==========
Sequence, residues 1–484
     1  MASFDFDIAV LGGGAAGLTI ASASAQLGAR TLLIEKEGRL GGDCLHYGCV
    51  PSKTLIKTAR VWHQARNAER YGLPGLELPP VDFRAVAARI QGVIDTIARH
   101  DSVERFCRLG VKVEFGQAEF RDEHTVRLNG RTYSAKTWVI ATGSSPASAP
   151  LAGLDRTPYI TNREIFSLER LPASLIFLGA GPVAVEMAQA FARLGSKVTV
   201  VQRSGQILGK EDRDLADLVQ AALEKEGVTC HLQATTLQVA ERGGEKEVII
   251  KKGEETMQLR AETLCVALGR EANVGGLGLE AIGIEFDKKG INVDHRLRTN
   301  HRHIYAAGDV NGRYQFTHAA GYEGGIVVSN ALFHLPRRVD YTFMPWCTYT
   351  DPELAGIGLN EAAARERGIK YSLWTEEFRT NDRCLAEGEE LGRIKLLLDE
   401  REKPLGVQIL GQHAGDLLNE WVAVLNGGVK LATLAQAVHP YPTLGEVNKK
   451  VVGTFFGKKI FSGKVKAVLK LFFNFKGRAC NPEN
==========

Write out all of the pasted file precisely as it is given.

Sequence, residues 1–484
     1  MASFDFDIAV LGGGAAGLTI ASASAQLGAR TLLIEKEGRL GGDCLHYGCV
    51  PSKTLIKTAR VWHQARNAER YGLPGLELPP VDFRAVAARI QGVIDTIARH
   101  DSVERFCRLG VKVEFGQAEF RDEHTVRLNG RTYSAKTWVI ATGSSPASAP
   151  LAGLDRTPYI TNREIFSLER LPASLIFLGA GPVAVEMAQA FARLGSKVTV
   201  VQRSGQILGK EDRDLADLVQ AALEKEGVTC HLQATTLQVA ERGGEKEVII
   251  KKGEETMQLR AETLCVALGR EANVGGLGLE AIGIEFDKKG INVDHRLRTN
   301  HRHIYAAGDV NGRYQFTHAA GYEGGIVVSN ALFHLPRRVD YTFMPWCTYT
   351  DPELAGIGLN EAAARERGIK YSLWTEEFRT NDRCLAEGEE LGRIKLLLDE
   401  REKPLGVQIL GQHAGDLLNE WVAVLNGGVK LATLAQAVHP YPTLGEVNKK
   451  VVGTFFGKKI FSGKVKAVLK LFFNFKGRAC NPEN